I have memories of long-ago Sunday nights on the road, my sister and I drowsing in the back seat, our parents driving us home from a visit to our grandparents, all ears turned in the darkness toward a public radio show called Hearts of Space.

Usually it played against the flashing lights of I-696, a Death Star trench of a highway near Detroit; otherworldly. The host introduced each episode basso profundo, lips against the mic. An hour of droning, chiming ambient music followed. I’m not sure I ever understood exactly what I was hearing. It was an alien signal.

More or less contemporaneously, I subscribed to a zine about video games called Next Generation. (There’s no relationship to the magazine of the same name.) I became aware of its publishers in the forums on Prodigy, a crusty AOL competitor. They were a little older than me; high school kids. I think I only ever got two issues—black and white, stapled, clearly a Kinko’s production—and they, too, were alien signals. I read them and reread them, reduced them to tatters. It was adolescent stuff, nothing radical, but full of strange names and strange voices. The zines came from far away (California) and the only way to learn more about this group, this scene, was to wait for another issue.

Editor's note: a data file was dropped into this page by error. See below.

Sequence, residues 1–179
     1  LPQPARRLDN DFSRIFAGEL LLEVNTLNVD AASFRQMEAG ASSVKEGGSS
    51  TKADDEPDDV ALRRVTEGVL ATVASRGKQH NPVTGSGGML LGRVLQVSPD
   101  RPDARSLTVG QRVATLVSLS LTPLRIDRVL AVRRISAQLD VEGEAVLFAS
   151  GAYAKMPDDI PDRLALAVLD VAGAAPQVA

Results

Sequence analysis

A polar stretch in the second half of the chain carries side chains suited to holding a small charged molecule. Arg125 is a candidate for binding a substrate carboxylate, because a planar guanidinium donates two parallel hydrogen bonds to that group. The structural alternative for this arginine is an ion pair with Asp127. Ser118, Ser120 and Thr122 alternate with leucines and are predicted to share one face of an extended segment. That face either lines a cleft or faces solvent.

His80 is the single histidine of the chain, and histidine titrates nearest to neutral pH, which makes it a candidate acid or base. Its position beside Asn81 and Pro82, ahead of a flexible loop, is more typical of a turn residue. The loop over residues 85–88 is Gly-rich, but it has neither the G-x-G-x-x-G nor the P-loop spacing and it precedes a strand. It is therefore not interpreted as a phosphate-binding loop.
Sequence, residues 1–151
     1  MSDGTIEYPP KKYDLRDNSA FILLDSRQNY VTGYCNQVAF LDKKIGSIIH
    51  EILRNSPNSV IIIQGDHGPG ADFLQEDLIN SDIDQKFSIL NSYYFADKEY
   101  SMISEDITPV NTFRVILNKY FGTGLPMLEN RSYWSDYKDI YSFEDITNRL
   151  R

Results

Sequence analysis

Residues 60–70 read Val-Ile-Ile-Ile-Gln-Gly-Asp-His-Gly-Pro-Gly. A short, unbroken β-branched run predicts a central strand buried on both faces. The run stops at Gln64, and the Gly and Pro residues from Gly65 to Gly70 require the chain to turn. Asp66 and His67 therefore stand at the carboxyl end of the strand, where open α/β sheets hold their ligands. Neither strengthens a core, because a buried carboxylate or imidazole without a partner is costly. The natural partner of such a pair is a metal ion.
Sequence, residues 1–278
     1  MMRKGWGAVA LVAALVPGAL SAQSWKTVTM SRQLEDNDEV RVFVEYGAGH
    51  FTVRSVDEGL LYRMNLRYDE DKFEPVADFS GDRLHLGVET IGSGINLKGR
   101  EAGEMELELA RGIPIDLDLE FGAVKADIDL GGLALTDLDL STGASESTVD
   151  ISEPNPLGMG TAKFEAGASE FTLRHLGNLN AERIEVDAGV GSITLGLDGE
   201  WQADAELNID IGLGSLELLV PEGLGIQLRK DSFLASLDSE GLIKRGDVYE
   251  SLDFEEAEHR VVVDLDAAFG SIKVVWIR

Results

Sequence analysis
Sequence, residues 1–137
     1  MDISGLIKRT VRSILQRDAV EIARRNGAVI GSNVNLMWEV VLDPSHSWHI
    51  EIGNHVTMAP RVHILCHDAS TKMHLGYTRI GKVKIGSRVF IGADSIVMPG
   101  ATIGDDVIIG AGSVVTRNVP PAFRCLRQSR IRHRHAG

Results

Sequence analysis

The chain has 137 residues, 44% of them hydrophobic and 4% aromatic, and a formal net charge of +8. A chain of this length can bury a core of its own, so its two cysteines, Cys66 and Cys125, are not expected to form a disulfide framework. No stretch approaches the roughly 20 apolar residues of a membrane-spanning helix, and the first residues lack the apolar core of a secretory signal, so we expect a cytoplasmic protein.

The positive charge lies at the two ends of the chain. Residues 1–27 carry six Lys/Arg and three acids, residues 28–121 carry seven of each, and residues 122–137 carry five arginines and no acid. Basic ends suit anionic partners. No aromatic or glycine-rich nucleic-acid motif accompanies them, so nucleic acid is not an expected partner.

A while ago, I interviewed the writer and musician John Darnielle in San Francisco. His novel Wolf in White Van is full of the pleasure and mystery of sending away for things, and that feeling is drawn from Darnielle’s life. In person, he speaks vividly about the era during which indie music was all tapes in the mail. If you wanted to hear something new and weird and great, you sent away for it. Time passed. A tape arrived. I mean, that is straight-up magic. The delay, the distance, the mystery.

I’m no nostalgist, and even if I was, there’s no going back. But I do wonder what sort of experience might provide that alien-signal feeling for suburban kids (and grown-ups) today? Has the internet simply annihilated it? I mean, Hearts of Space has a website. It’s really good! Today, if you discover the show on a Sunday night, you can pull out your phone and access the entire archive instantly.

I don’t want it to die out, this feeling. How might we send new signals to be received by new kids in new back seats, ferried home by new parents on new nights, all ears turned in darkness, as always, towards the mystery?

January 2015, Berkeley

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